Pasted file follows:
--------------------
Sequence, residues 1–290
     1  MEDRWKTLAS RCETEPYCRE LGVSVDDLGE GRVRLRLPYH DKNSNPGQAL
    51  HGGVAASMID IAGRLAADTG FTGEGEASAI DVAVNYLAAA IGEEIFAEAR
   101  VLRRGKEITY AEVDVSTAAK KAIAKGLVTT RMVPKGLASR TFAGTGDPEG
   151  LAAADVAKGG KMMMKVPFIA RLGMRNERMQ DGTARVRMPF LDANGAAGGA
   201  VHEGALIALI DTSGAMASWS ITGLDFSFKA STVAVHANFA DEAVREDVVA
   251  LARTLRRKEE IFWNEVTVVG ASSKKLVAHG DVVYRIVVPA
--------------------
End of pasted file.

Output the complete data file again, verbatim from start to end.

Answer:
Sequence, residues 1–290
     1  MEDRWKTLAS RCETEPYCRE LGVSVDDLGE GRVRLRLPYH DKNSNPGQAL
    51  HGGVAASMID IAGRLAADTG FTGEGEASAI DVAVNYLAAA IGEEIFAEAR
   101  VLRRGKEITY AEVDVSTAAK KAIAKGLVTT RMVPKGLASR TFAGTGDPEG
   151  LAAADVAKGG KMMMKVPFIA RLGMRNERMQ DGTARVRMPF LDANGAAGGA
   201  VHEGALIALI DTSGAMASWS ITGLDFSFKA STVAVHANFA DEAVREDVVA
   251  LARTLRRKEE IFWNEVTVVG ASSKKLVAHG DVVYRIVVPA